Many years later, a summer visitor wrote in the monthly magazine “The Catholic World,” New York (Vol. LXI – 1895) of the people of Pubnico: “A kinder people could hardly be; the French blood shows itself in courtesy and narural politeness. They live like one great family -as indeed they are- being all closely related, and they share with each other property, labor, and good offices. And they show the inheritance of faith and the blood of martyrs by a virtue that lifts them far above the descendants of English settlers, as well as by better breeding and greater intelligence – that is, of course, better than those who, like them, labor to live, and are removed from the centres of learning and society.”


In “The United Presbyterian,” Pittsburgh, Pa. (July 20, 1911), another visitor says: “It is in the little village of Middle West Pubnico (sic), that the simple life is lived all the time by all the inhabitants, and here, in this little settlement of a few hundred souls, dwell the cleanest-minded, most lovable and kindly folk that can be found anywhere, and here they exemplify, in themselves, the truth that man was created but little lower than the angels.”


May 19, 1925, in the “Canadian National Railway Magazine”: “They are a proud, dignified and reserved people, these humble fisherfolk through whose veins courses the bluest blood of old France – a God-fearing, law-abiding race, amongst whom crime is unknown, divorce unheard of and childless marriages a source of regret and not of seeking.”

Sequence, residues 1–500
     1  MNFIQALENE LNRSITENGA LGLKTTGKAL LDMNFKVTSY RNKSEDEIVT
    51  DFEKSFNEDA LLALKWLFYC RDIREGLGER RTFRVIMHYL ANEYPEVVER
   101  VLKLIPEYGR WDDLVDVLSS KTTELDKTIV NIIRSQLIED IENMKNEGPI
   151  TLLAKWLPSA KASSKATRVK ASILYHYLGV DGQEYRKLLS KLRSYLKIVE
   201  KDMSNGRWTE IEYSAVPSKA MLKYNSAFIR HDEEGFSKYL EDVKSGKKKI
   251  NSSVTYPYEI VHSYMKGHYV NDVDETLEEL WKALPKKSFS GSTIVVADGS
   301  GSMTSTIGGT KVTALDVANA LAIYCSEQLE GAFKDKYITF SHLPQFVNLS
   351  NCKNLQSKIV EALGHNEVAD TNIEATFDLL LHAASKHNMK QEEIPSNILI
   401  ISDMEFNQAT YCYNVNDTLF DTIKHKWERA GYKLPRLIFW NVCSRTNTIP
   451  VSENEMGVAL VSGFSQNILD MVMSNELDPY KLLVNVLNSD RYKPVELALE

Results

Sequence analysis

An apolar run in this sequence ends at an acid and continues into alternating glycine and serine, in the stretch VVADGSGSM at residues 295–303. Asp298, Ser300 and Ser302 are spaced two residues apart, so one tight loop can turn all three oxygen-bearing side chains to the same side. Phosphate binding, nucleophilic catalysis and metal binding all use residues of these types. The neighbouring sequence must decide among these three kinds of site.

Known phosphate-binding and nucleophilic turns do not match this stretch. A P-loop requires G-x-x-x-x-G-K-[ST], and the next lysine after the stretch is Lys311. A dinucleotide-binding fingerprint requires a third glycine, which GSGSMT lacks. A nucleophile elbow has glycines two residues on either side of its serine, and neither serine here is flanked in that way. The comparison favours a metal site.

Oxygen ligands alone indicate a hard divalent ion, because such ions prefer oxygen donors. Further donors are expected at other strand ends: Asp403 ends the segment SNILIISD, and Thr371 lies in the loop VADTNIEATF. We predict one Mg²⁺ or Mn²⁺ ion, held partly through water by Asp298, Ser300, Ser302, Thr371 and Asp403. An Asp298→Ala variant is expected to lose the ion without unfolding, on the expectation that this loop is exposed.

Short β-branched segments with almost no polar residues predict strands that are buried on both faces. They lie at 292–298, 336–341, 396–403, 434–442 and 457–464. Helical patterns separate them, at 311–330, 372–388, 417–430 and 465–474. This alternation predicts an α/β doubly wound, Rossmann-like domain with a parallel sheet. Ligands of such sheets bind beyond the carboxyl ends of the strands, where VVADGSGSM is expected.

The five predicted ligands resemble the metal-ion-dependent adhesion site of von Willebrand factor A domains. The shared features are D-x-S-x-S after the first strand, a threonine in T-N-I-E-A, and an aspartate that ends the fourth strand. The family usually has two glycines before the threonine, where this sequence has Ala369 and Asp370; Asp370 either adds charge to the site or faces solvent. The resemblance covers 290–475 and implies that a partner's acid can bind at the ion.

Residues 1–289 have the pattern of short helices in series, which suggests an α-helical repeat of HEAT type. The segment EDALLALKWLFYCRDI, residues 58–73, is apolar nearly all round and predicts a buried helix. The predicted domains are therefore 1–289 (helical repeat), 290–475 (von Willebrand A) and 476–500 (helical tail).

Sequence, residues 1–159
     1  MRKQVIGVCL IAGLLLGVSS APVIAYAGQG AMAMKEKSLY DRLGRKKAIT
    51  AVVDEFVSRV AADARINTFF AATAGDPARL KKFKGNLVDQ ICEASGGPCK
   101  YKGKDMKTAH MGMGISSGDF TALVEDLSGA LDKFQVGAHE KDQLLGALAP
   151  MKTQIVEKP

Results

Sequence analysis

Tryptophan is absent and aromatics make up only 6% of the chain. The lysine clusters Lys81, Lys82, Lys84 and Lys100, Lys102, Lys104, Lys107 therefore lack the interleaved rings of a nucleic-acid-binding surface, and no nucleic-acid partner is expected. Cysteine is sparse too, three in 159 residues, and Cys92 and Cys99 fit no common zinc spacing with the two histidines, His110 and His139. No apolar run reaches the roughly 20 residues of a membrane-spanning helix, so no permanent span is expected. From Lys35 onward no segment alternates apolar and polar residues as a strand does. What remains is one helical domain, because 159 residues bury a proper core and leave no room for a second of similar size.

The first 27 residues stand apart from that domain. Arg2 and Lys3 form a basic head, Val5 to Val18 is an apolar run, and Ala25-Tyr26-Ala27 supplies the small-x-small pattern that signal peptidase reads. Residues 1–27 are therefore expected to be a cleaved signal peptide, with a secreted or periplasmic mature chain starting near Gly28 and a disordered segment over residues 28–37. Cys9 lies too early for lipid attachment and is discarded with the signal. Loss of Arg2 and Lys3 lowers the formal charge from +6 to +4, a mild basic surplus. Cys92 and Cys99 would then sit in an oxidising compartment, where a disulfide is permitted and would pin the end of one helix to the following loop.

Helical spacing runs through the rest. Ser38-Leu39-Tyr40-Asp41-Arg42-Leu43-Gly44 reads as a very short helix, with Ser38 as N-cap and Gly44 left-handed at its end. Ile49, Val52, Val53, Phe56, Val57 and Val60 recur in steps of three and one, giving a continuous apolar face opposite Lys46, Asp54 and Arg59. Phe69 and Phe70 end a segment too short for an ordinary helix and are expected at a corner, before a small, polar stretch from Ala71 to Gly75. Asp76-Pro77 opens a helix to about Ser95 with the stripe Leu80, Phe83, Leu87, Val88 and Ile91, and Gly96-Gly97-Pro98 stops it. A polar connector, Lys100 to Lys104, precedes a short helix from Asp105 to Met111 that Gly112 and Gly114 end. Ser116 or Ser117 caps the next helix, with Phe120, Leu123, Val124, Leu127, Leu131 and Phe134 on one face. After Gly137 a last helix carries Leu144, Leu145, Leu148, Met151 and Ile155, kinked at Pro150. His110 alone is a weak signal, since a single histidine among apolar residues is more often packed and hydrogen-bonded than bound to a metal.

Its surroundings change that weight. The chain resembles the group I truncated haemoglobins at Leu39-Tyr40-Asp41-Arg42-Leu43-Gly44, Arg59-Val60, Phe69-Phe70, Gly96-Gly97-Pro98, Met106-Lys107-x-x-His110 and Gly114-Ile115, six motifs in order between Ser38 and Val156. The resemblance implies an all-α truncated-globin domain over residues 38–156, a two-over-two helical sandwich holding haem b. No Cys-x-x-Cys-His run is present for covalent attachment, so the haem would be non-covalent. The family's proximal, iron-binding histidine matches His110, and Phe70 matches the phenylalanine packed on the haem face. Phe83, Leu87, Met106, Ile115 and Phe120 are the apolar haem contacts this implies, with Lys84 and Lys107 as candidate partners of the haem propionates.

Here are the headlines of an article in “The Saturday Evening Post” (New York) of April 19, 1947: “Acadian Utopia. It has no crime, poverty or illiteracy, no local taxes, lawsuits or divorce. Yet West Pubnico, despite its beauties, has one dispirited citizen,” the postmaster, who had to deliver letters addressed to Joseph d’Entremont to one among nine different individuals.


“The New York Times,” for its part, published July 22, 1951, the following: “From their fishing and farming community and reportedly the oldest concentration of Acadians in the world, the Pubnicos boast that they have no jail, no crime, poverty or illiteracy, no mortgages, court litigation, divorce, race or religious prejucices nor many of the other problems that continually harass the rest of the world.”


Nearer to us, “The Yarmouth Herald” of August 11, 1965, was saying about the people of Pubnico that they are “doubtlessly above all a remarkable fine, industrious, thrifty, proud and devout people, cherishing their past, abreast of the present, and gazing toward the future with vision and confidence.”


And still closer to us, none other than our Robert B. Blauveldt in “The Vanguard” and in “the Light Herald” of Oct. 14, and 15, 1972, joined the others in saying that West Pubnico enjoys a unique position among the Nova Scotia communities, and our province has no finer citizens than its delightful people.


That is what at least used to be said about Pubnico. Some may object that the title of this sketch should read rather “Pubnico used to be something to brag about.”